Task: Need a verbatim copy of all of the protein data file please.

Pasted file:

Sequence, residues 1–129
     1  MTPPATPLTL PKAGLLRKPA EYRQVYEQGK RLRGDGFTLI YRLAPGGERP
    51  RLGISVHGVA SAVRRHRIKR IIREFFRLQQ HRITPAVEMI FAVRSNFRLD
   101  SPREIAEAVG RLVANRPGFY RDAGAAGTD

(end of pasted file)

Sequence, residues 1–129
     1  MTPPATPLTL PKAGLLRKPA EYRQVYEQGK RLRGDGFTLI YRLAPGGERP
    51  RLGISVHGVA SAVRRHRIKR IIREFFRLQQ HRITPAVEMI FAVRSNFRLD
   101  SPREIAEAVG RLVANRPGFY RDAGAAGTD